God’s Word spoke all of creation into being...let that really sink in for a moment...God’s Word was with God at the very beginning before ANYTHING and then that Word was spoken and EVERYTHING came into existence. I am awestruck by that powerful, creative building Word. And yet, this powerful Word became frail human so that we could better understand God and God’s great, all-encompassing, all-consuming Love for us, some of the very things spoken into creation.

Our voices can be echoes and signposts that point to the inspiring, God with us, Creation building Word, or they can be used to crush and damage Creation. Free will gives each of us a choice everyday as to how we use our words, my challenge to you today is to go out into the world and share only God-inspired words today, words that affirm, love and give honour and wholeness to others of God’s spoken creation.

Prayer

Living Word
It slips our mind
how powerful and creative your Word is and for that we are sorry.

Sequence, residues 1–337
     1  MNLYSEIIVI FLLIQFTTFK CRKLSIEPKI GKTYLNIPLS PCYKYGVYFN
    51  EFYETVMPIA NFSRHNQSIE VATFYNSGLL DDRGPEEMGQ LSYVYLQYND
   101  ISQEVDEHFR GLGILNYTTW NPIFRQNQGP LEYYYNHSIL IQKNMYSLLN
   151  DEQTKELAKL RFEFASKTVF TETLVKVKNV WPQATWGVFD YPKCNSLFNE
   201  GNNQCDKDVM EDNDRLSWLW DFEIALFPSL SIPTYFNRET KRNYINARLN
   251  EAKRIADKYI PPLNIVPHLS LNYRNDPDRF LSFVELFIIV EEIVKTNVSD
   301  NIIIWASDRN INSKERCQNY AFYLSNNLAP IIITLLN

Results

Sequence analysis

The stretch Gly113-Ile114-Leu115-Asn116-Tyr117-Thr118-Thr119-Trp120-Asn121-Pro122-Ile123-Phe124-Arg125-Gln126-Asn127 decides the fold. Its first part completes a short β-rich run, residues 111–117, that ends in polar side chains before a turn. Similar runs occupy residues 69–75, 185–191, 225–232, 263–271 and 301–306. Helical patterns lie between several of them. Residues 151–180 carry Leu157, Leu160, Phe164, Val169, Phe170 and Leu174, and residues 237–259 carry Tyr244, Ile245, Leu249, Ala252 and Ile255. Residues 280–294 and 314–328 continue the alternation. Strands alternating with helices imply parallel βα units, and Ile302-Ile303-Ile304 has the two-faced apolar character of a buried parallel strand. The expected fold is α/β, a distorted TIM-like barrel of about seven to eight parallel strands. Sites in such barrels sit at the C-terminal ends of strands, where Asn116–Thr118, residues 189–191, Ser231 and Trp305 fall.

Enable us to live by your Word
and to be examples of your Word
in creation today.
Help us to speak love to all the world
so as to honour you
and be part of your Kingdom creating.
In and through the power of your Word.
Amen.

Today's Writer

Kirsty-Ann Mabbott, Church Related Community Worker

Bible Version

 
New Revised Standard Version, Anglicised Bible: © 1989, 1995 the Division of Christian Education of the National Council of the Churches of Christ in the United States of America. Used by permission. All rights reserved
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Daily Devotion 12th September 2018

URC Daily Devotions - Wed, 12/09/2018 - 06:00
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Romans 1: 18-23